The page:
We live in a strange time. The election is set for Tuesday and there are so many conflicting reports of who’s going to win that it’s hard to cut through the noise. What’s really interesting this election is that both sides seem confident that they’re going to win. To some degree this has been the case in every presidential election, but it seems to have intensified much more this time.
By comparison, the 2000 election was very different. Though each side was confident that it would win, everyone knew the election was going to be close. This year, there are more people on both sides that think they’re going to win by a landslide. Obviously, they can’t both be right, but there are going to be more people that are more wrong. What’s going on here? How is it that so many people have such wildly different expectations? The answer seems to be information flow.
The last 4 years have seen a much bigger divide in what information gets disseminated to whom. People on the left get all their information from MSNBC, New York Times and the Huffington Post. People on the right get all their information from Fox News, New York Post and Breitbart. The increasingly partisan landscape means people only hear what they want to hear and in this case, it’s that their side not only is going to win, but win big.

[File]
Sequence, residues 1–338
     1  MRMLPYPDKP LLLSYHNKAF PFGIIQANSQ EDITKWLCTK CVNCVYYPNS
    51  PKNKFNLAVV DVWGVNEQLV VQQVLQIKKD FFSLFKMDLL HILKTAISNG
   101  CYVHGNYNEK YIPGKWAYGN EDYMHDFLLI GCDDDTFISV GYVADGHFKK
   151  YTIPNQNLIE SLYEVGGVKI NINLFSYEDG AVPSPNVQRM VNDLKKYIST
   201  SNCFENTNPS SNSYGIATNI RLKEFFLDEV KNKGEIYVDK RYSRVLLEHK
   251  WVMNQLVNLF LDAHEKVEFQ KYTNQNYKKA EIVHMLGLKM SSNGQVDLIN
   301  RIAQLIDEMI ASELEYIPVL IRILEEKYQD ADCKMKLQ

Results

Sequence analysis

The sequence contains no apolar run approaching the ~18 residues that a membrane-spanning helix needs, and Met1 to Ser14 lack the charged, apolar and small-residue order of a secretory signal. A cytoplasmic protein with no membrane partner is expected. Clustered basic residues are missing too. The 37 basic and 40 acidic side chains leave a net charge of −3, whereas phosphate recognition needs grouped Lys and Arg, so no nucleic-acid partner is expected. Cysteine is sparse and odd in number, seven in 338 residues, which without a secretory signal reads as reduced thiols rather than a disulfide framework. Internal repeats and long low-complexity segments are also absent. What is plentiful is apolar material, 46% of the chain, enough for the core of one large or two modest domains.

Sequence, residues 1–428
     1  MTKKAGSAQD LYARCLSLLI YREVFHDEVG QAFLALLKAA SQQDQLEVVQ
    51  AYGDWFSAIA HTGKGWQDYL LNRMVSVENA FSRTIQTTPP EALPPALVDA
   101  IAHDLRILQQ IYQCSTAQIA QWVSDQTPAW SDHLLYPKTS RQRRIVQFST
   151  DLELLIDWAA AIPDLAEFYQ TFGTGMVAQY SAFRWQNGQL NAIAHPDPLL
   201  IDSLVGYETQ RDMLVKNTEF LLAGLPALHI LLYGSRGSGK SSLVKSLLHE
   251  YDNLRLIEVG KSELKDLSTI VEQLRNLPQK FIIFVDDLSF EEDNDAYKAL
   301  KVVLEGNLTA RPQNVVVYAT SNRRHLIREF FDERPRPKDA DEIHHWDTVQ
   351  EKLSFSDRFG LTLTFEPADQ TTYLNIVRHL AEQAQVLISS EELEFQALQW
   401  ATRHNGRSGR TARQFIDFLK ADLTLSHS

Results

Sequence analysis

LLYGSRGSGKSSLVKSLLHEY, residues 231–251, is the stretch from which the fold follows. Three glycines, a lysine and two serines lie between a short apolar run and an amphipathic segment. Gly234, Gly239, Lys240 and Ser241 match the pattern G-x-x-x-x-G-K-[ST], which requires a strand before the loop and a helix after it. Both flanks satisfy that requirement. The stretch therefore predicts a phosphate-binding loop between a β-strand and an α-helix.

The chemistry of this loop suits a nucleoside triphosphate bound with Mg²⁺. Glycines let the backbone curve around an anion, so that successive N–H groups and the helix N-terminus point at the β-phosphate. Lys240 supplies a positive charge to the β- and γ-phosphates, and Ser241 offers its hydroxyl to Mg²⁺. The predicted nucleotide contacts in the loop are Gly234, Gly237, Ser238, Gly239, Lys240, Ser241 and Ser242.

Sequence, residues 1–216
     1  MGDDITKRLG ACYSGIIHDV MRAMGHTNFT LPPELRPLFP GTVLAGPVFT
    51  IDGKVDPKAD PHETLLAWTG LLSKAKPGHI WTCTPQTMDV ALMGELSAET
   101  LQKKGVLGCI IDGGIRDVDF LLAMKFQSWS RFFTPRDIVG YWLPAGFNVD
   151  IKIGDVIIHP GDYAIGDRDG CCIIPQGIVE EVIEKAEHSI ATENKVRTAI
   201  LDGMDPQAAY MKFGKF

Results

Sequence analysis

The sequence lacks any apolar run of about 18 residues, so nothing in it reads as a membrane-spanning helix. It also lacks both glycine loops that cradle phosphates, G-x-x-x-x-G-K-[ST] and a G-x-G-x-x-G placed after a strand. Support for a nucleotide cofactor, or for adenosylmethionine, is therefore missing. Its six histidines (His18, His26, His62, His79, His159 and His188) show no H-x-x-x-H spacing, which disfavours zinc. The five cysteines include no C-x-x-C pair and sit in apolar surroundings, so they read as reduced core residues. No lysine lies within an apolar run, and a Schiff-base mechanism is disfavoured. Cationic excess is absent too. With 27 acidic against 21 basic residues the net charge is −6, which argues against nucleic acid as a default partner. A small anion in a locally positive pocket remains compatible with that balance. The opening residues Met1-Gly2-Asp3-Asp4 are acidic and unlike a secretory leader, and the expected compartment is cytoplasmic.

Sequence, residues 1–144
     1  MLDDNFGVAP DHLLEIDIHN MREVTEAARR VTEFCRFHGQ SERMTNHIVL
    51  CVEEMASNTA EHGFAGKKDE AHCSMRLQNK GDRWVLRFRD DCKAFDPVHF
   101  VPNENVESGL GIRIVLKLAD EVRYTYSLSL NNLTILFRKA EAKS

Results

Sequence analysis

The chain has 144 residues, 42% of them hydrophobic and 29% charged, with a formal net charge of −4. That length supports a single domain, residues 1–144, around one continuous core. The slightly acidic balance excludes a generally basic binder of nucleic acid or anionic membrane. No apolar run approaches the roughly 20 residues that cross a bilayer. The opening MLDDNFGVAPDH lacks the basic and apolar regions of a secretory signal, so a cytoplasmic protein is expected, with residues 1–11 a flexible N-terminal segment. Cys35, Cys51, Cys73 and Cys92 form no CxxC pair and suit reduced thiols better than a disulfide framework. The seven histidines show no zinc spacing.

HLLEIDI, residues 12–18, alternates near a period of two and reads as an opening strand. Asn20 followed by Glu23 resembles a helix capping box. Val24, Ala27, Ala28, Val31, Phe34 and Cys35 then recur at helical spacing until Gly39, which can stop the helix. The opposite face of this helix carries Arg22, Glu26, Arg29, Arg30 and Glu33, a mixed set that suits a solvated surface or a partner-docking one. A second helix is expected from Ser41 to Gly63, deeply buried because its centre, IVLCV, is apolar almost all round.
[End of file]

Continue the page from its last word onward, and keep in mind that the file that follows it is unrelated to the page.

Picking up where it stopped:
The problem is that at least one side, possibly both, gets completely deluded and has a weird view of the world. This leads to more malinvestment, ultimately hurting civilization. So how do we fix this?
Polling has traditionally been viewed as the way to gather better information. The problem with polling is that there’s no motivation for people to be honest. Even a small number of dishonest actors could change the outcome dramatically in the case of an election. Assuming that dishonesty will cancel out is also unsafe.
Price is a piece of reliable information. Oil markets, for example, are obscenely complicated, but run well because of price information up and down the entire supply chain. Profit motive, or loss aversion, creates incentive for every actor to accurately price their goods and services. What’s missing in the political prediction market are good prices.
You may say that betting markets are an indicator of this information. This is true to some degree, but is only true to the extent that the market is liquid. Can a Washington insider that wants to bet millions of dollars place one on such markets? Probably not. That said, betting markets worked pretty well up until 2016 when some people noticed a weirdness in betting patterns, namely that the people on the Hillary Clinton side were betting large amounts to change the odds while the Trump bettors were betting small amounts but were more numerous. Many have speculated that these were people specifically looking to change the odds because Nate Silver was using these betting markets for his election predictions. In other words, liquidity is instrumental to accurate information from prices and we don’t have that yet. One of the main problems is that betting requires a third party and there’s a lot of regulation for those third parties to navigate.
Of course, this wouldn’t be something I talked about unless I thought there was hope. There is hope, in the form of peer-to-peer bets. If enough people participated, there would be a larger set of data from which we could get better information that’s more objective than something like polling.